What is ptosis?
It is a drooping or falling of the upper eyelid. The lid may droop only slightly, or it may cover the pupil entirely. Some patients with ptosis may have difficulty keeping their eyelids fully open and then the ptosis can restrict and even block normal vision. Some patients may arch and raise their eyebrows to compensate and elevate the droopy eyelids. The drooping may be worse after being awake longer, when muscles are tired. Ptosis may interfere with vision or if can be a concern due to appearance.
What causes ptosis?
There are many causes, including age related weakening of the muscle, trauma, and congenital weakness. The most common kind of ptsois occurs because as we all age, the tendon that attaches the levator muscle that lifts the eyelid can stretch and cause the eyelid to drop. Ptosis may also occur following routine cataract surgery due to stretching of the muscle or tendon. Children can be born with ptosis.
Can Ptosis Be Corrected?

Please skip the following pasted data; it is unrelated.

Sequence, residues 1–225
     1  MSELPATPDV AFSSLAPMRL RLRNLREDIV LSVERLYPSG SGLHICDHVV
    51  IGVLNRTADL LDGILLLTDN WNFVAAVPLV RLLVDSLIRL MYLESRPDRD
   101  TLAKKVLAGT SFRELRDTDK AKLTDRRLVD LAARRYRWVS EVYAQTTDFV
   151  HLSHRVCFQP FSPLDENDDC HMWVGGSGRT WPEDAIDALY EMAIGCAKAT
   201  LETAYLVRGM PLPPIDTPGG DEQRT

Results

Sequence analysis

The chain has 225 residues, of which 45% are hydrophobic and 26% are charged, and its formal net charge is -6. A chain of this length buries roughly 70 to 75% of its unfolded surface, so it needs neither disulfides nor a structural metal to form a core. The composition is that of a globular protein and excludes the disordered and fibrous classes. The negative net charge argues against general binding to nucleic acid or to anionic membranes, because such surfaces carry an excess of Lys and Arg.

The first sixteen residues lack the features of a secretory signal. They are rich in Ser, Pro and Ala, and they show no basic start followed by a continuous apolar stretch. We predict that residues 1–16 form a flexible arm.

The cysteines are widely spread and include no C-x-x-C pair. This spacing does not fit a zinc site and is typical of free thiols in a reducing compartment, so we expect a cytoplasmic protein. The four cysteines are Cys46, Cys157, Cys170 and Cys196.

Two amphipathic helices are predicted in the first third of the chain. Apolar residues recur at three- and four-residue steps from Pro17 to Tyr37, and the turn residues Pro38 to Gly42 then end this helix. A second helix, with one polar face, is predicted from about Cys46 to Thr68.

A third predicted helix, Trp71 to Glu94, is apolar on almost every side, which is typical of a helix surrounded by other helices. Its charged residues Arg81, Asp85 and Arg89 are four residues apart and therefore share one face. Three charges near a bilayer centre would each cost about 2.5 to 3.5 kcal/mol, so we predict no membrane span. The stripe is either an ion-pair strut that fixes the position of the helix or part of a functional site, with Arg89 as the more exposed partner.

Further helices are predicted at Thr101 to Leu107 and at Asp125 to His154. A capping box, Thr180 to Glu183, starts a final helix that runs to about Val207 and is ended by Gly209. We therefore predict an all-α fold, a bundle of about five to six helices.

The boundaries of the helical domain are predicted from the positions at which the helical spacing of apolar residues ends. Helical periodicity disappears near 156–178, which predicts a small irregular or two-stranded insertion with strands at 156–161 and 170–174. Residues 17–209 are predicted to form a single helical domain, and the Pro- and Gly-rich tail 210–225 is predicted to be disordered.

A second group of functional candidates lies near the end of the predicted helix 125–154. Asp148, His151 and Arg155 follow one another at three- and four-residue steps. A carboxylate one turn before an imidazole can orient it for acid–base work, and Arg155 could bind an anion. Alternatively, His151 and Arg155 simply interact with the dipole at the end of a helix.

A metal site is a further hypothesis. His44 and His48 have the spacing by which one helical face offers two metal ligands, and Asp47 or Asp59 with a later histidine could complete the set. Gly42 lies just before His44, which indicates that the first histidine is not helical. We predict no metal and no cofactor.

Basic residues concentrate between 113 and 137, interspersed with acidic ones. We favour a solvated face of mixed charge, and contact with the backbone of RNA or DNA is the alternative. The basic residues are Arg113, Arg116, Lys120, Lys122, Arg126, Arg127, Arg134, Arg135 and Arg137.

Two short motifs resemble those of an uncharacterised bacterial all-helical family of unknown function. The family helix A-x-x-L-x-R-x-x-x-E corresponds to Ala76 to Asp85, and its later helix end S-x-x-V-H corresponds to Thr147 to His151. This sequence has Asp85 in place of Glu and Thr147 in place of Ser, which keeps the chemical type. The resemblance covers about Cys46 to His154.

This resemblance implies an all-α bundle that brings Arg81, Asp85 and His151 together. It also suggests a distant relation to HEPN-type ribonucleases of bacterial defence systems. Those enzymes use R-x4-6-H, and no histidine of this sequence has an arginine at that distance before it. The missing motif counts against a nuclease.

Dr. Mihora can correct ptosis surgically and usually involves tightening the levator muscle to elevate the eyelid through either an incision in the eyelid crease or the undersurface of the eyelid. In severe ptosis, when the levator muscle is very weak, a “sling” operation may be performed, enabling the forehead muscles to elevate the eyelid(s). Dr. Mihora will perform testing to determine the best form of correction for you. The goal is to elevate the eyelid to permit a full field of vision and to achieve symmetry with the opposite upper eyelid. The surgery is done with IV sedation and local anesthetic as an outpatient procedure. Patients return in about a week to remove sutures. Most patients can return to relatively normal activities within about a week. Dr. Mihora looks forward to meeting with you to discuss your individual needs, as well as the benefits and risks of surgery n order to help make the right decision for you.